Comment » | 4 Stars, Drama, Musical, Uncategorized
August 8th, 2014 — 10:31pm
Get On Up –rm This is the story of a young boy from rural Georgia who was abandoned by his parents, raised by madam from a brothel, fascinated by the gospel music in the local church and ultimately became the godfather of soul music. It is about a young man who spent time in jail, who essentially only had himself to rely on and yet always had tremendous belief in himself to the point of being self-centered, egotistical or narcissistic if you will. But in this case, he had the goods. He became a music legend he of course is James Brown.
The film is the brain child of Brian Glazer who is a well known movie and television producer who combined his talent with the skills of another music legend Mick Jagger, who has acknowledged being a great fan and being influenced himself by Brown. Jagger brought his music skills to the film as producer and music director. There are at least two more essential ingredients to this biopic and that would be director Tate Taylor (The Help) and Chadwick Boseman who previously starred as Jackie Robinson in 42.and now becomes James Brown. He does this by his speaking voice, mannerisms and learning the distinctive choreography of Brown’s movements during song and everyday life. This includes his swagger as well as his splits and the special way he whipped a microphone around. There also was some very skillful lip-synching accomplished by Boseman and the actors who played his band and backup singers since the great singing in this movie was the original voice of James Brown.
In addition to Boseman there was some great acting that needs to be acknowledged. Lennie James play Brown’s tough and angry father while Viola Davis was the woman inside the mother of Brown who loved him. yet abandoned and rejected him but still tried to come back when he was a success. Octavia Spencer was the madam in the brothel who took him in and more or less had the heart of gold. Dan Aykroyd was Ben Bart the white Jewish agent who became very close to Brown throughout much of his career and was called papa by him. Neisan Ellis was Bobby Byrd one the most loyal members of the original Flames which was Brown’s first groupbefore Brown became a phenomenon by himself. Brown’s complicated relationship with Byrd reflects his self-image of seeing himself as something very special but yet having a lingering need for close friendship that he may never have found.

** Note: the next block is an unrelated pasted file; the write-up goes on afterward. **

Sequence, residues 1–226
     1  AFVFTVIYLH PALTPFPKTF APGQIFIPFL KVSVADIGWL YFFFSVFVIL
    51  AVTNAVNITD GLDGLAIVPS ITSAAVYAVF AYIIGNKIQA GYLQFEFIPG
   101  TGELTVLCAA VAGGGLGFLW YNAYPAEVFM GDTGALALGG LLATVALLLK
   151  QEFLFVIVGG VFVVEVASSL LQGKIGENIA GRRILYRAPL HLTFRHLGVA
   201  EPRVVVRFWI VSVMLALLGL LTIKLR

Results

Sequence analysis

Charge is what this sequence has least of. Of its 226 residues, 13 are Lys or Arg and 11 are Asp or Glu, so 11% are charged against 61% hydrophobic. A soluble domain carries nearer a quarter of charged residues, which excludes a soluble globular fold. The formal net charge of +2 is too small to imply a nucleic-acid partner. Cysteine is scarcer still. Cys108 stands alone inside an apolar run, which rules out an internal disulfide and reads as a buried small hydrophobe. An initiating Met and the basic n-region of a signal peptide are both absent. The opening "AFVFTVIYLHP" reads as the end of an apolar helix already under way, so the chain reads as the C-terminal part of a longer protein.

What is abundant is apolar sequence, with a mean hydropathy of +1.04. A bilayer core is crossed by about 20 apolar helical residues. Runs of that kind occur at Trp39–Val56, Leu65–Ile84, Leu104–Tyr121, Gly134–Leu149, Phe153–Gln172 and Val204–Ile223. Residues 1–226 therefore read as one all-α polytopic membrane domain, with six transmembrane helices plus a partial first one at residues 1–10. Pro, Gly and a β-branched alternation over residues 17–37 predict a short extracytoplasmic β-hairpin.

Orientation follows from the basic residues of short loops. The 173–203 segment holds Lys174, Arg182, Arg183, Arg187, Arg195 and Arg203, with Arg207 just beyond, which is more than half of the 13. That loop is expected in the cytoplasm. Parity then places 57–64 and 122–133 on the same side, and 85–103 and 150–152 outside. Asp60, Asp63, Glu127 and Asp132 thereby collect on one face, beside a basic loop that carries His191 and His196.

On one hand the film used flashbacks to effectively show the genesis of Brown’s unique character but yet they seemed to abruptly pull us away from the engrossing music and the story of how Brown was rising to the top, dealing with racial issues including the country’s response to the death of Martin Luther King as well as how Brown faltered in his personal life. There were many backup players moving in an out of Brown entourage as well as various women and children We could not always be sure who they were in his life which might be defect in the film. In addition, we and at least one other person agreed that the conversations of Brown and some others were not always understandable which could be the dialect, or an audio problem but would seem to be a flaw. The running time of the film was 2 hours and 18 minutes and while we can’t say what should have been cut, it probably could have been shorter. However,we have no complaints in re-experiencing the great music and moves of the incomparable James Brown.(2014)